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BWW Reviews: Norris Theatre Offers Entertaining WHITE CHRISTMAS

White Christmas/book by David Ives and Paul Blake/music & lyrics by Irving Berlin/directed by Randy Brenner/Norris Theatre Palos Verdes/through December 16

White Christmas , always a treat on film (1954), creates a unique and refreshing glow on stage. The touring and original Broadway productions, which played Los Angeles only once at the Pantages, in 2005 were gloriously directed by Walter Bobbie and choreographed by Randy Skinner, who turned the second act opener "I Love a Piano" into one of the most inventive & lively tap sequences ever. Now on stage at the Norris Theatre in Palos Verdes the local company has created a fresh sparkling production with even direction from Randy Brenner and zestful tap choreography from Kami Seymour. The sturdy Acting Company makes this production a pleasantly frothy confection playing through December 16 only - sadly, you only have one more weekend to catch it, so get your tickets immediately!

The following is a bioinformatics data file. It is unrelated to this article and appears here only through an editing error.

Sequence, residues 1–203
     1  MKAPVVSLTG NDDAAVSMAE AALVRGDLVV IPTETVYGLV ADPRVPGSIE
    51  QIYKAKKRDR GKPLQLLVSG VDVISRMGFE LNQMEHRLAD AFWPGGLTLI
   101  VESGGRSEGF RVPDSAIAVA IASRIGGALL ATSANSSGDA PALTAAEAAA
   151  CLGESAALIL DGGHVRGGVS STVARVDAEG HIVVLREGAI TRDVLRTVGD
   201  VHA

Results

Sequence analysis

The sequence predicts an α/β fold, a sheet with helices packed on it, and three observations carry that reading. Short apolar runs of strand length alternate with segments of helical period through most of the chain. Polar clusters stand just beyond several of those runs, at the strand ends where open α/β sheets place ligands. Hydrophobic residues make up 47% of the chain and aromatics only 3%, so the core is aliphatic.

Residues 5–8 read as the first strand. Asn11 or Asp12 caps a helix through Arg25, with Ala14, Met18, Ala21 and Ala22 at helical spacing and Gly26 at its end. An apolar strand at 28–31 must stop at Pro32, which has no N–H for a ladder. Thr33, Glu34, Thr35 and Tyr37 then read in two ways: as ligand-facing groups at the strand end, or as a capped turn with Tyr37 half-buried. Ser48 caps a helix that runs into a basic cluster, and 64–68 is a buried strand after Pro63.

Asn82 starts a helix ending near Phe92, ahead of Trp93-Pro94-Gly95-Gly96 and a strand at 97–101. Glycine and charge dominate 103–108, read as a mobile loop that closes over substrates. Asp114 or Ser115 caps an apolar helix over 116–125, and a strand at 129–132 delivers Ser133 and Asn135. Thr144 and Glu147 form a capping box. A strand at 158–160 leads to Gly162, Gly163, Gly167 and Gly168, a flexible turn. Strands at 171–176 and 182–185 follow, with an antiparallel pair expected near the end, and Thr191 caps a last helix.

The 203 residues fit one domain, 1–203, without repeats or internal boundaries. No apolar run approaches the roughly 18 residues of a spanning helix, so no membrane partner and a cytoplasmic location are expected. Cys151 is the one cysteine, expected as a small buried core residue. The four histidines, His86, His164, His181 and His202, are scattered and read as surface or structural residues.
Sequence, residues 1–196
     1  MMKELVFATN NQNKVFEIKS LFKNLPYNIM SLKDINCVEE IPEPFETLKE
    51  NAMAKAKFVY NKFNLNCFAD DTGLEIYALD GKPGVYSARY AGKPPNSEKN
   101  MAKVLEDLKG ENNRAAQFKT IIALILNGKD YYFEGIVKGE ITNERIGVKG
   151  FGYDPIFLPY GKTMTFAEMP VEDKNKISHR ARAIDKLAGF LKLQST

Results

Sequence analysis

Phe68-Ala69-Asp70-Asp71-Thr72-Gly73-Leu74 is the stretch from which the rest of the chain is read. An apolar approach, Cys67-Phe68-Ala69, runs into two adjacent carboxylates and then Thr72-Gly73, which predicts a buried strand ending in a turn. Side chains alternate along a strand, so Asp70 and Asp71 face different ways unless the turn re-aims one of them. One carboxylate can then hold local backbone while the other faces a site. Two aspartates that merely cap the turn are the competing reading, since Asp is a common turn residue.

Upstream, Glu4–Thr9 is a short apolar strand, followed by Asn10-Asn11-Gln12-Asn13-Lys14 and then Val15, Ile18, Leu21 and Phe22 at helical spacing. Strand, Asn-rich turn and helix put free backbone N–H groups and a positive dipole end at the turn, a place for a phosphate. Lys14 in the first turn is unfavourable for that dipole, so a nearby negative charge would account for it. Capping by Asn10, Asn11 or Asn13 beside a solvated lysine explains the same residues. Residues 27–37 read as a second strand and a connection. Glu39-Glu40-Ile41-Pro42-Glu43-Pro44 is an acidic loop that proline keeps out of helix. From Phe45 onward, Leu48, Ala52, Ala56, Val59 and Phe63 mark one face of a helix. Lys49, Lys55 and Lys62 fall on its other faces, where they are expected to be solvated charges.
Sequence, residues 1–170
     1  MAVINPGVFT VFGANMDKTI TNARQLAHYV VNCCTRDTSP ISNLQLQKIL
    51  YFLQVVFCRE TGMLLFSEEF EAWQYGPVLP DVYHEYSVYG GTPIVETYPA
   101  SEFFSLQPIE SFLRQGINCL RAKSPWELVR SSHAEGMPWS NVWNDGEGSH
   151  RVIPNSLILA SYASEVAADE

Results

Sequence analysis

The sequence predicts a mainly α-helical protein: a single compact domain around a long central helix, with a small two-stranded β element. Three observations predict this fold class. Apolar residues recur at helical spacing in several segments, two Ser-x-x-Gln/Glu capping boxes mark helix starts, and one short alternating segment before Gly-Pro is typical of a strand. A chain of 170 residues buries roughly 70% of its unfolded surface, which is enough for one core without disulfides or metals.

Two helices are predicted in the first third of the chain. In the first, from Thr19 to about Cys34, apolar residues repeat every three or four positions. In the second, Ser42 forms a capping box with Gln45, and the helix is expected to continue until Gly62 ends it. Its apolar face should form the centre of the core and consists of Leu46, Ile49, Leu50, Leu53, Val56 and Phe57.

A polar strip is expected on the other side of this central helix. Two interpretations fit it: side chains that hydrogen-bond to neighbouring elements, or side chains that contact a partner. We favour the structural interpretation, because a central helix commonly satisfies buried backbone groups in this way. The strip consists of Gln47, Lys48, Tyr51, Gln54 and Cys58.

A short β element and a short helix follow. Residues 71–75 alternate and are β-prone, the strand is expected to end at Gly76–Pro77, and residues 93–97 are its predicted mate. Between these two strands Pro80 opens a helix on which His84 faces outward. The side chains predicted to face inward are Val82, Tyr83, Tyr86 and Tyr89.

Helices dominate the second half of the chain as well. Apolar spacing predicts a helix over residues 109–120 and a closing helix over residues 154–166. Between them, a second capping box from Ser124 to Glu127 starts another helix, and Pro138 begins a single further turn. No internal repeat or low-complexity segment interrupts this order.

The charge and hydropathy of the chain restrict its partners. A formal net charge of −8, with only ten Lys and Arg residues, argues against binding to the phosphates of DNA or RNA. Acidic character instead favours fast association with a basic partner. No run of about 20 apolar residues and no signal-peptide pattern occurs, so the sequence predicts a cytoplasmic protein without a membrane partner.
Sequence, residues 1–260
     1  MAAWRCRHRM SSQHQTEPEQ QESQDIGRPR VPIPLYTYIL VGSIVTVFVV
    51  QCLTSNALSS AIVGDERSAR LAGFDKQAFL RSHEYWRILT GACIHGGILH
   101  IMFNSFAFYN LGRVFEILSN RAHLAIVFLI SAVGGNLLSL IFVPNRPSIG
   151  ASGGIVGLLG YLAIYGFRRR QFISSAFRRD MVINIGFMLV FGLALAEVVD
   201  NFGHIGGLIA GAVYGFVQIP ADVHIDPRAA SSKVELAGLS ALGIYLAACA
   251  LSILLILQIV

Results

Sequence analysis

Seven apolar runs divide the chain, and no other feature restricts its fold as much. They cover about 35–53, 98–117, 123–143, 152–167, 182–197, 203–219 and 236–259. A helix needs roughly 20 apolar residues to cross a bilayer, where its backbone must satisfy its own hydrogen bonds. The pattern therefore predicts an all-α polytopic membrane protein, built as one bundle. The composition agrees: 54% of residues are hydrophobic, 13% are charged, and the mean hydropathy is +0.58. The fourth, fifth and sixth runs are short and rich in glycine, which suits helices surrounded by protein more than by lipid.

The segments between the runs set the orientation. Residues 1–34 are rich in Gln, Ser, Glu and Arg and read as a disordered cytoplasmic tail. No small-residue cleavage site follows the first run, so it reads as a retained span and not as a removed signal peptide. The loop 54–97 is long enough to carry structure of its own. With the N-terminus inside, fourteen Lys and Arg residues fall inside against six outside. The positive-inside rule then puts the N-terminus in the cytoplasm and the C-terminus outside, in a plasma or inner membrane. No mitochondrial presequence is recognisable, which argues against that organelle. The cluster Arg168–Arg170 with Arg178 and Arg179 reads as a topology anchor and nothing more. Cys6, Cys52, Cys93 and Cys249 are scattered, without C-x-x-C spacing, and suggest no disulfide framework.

Brent Schindele (Bob Wallace), David Lamoureux (Phil Davis), Gail Bennett (Betty Haynes) and Tro Shaw (Judy Haynes) deliver bright energized performances and with Kevin Paul (Sheldrake), Michael Prohaska (General Henry Waverly), a deliciously comedic Polly Seale (Martha Watson) and Juliette Boland (Suzie) offering steady support, the ensemble is top-notch. Praise as well to Noelle Marion and Elaine Hayhurst as the silly dancers Rita and Rhoda and to Karl Jaecke hilarious as the easy-going almost zombied janitor Ezekiel.

Irving Berlin's standards are some of the best songs ever written, and the show contains many not used in the film. The stage score includes: "Sisters", "Happy Holiday", "Let Me Sing and I'm Happy", "Count Your Blessings", "Blue Skies", "How Deep Is the Ocean", "I've Got My Love to Keep me Warm" and of course, "I Love a Piano" and the title tune. Ives' and Blake's book stays faithful to the original film story, and although thin on plot, corny and sentimental, it's one of the most heartwarming pieces of fluff in existence. And youngsters are going to see it, so, irregardless of what they think or say, its legacy lives on. Bravo!

Seymour offers delightful choreography on "...Piano", but even pared down from what I saw originally, it has its own special zing.  Uncredited scenic design and costumes possess a simple elegance.

Don't miss this lovely White Christmas now on stage through December 16 only! For me, who grew up a tried and true New Englander, Christmas is just not the same without White Christmas.

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From This Author Don Grigware